Maine firm moves its HQ to Pease tradeport after successful business courtship by NH
P.A.T. Products, an international distributor of specialty chemicals, plastic and raw materials, was actively pursued by the New Hampshire Division of Economic Development.
The company was founded in 1974 by Leo Coyle in Bangor and is now run by his son, Leo Edward Coyle, executive vice-president of the company, who recently relocated to Portsmouth with the new headquarters.
"We moved our headquarters to Portsmouth to be closer to a larger employee base and a not necessarily larger market for us but easier access to transport," Leo Edward Coyle said.
He said being able to travel out of airports in Portland, Manchester or Boston, all within an hour of the tradeport, is much better than flying out of Bangor.
The move is still in process with two employees already working out of the new headquarters at 112 Corporate Drive and two more moving down from Bangor by the end of the summer. Coyle said two additional hires will be made by the end of the year.
In addition to a relief in travel expenses, there were other incentives in coming to New Hampshire, Coyle said.
"Corporate income tax rates are lower in New Hampshire than they are in Maine, personal income tax is lower, in that there is none," Coyle said. "Maine is a wonderful, wonderful place, but it is not a business-friendly state."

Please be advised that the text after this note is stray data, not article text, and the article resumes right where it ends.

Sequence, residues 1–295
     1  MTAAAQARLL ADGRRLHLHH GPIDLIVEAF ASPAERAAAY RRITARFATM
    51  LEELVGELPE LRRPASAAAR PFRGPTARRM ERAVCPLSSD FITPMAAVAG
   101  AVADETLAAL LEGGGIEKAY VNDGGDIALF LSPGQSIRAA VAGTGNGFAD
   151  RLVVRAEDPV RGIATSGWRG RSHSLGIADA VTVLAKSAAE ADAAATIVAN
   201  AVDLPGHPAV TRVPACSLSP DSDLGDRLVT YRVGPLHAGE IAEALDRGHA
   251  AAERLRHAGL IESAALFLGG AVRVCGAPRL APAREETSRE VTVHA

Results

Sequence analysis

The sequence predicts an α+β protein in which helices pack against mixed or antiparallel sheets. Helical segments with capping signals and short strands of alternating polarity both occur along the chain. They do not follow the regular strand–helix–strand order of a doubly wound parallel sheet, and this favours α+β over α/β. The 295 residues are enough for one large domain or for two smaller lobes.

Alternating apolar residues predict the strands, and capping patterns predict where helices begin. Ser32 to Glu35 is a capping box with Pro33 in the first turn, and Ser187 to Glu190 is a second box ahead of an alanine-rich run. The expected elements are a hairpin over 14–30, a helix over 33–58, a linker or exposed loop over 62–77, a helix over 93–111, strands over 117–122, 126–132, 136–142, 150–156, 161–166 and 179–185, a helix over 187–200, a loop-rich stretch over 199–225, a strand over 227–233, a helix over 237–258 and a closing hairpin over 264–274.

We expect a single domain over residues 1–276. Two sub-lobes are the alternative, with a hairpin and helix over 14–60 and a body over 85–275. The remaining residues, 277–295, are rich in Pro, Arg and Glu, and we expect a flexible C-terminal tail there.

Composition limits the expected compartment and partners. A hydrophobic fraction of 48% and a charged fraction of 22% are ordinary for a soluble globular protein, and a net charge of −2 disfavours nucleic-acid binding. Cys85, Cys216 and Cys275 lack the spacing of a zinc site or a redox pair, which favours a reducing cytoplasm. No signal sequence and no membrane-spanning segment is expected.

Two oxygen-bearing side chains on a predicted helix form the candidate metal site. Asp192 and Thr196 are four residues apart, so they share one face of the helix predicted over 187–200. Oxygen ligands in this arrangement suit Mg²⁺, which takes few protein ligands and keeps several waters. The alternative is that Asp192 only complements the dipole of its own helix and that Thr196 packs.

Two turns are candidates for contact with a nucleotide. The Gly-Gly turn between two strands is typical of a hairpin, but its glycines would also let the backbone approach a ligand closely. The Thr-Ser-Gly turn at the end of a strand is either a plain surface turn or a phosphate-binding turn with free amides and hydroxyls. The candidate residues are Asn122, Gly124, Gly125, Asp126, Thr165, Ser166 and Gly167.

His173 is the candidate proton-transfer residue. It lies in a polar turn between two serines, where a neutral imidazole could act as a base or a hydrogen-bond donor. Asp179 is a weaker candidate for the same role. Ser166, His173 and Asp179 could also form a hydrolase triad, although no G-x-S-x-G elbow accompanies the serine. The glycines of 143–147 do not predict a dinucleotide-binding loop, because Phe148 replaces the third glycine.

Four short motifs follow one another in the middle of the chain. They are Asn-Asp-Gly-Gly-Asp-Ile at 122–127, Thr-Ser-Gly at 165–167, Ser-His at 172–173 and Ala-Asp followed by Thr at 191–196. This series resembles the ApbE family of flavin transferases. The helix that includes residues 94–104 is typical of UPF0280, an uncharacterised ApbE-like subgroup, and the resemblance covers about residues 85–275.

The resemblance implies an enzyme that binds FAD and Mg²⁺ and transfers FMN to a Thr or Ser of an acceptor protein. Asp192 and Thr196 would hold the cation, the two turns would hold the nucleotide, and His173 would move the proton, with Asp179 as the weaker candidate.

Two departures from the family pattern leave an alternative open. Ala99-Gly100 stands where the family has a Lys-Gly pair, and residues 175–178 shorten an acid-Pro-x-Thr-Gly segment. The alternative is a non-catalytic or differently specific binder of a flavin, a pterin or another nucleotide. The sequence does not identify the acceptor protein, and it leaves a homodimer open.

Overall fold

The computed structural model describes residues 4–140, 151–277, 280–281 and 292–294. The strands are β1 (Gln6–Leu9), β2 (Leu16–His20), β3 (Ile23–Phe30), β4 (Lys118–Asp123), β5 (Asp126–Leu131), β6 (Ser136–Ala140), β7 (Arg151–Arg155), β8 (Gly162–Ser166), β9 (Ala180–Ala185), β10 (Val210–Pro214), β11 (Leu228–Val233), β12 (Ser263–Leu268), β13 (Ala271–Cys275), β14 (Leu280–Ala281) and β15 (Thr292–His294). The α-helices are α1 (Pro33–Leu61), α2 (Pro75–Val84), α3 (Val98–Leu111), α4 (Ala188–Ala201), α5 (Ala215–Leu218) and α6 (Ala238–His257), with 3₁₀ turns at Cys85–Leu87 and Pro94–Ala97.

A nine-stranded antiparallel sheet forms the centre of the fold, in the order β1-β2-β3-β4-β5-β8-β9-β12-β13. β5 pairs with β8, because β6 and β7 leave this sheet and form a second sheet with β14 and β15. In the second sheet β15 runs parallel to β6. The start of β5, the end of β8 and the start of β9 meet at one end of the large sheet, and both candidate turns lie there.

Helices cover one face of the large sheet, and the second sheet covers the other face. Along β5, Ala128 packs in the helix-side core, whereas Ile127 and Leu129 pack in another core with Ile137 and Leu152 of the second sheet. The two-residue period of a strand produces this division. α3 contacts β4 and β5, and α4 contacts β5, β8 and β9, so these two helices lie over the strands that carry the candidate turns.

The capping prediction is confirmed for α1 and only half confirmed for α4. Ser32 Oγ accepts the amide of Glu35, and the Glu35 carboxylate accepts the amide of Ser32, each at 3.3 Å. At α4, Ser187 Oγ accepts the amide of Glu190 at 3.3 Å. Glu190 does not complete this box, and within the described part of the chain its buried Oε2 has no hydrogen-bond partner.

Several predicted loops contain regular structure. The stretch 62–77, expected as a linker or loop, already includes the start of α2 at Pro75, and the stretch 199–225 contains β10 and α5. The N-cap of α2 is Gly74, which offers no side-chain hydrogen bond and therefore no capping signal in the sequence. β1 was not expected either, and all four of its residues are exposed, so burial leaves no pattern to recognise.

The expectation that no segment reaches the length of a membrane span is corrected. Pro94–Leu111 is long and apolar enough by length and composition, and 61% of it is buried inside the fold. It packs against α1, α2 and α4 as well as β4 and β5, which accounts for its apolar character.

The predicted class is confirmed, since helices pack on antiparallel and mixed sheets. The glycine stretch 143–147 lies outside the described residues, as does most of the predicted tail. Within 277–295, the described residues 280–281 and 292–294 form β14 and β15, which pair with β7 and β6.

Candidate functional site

He said no one in the 38 years of the company had ever visited from any Maine business development group.
"And we were actively pursued in New Hampshire. So it took a long time, but we're here now, and we're happy with the move so far," Coyle said.
Business is good, and Coyle only expects it to get better as the overall economy improves.
"We sell a lot of raw materials to a lot of different industries and that's how we've survived, and we see things improving in industry as a whole as we move into 2013, so, business is good," Coyle said.
P.A.T. also has satellite offices in Tucson, Ariz. and Cincinnati, Ohio, and will keep the Bangor office open indefinitely.
Coyle said he plans to follow in his father's footsteps and run the business successfully for the next 40 years.
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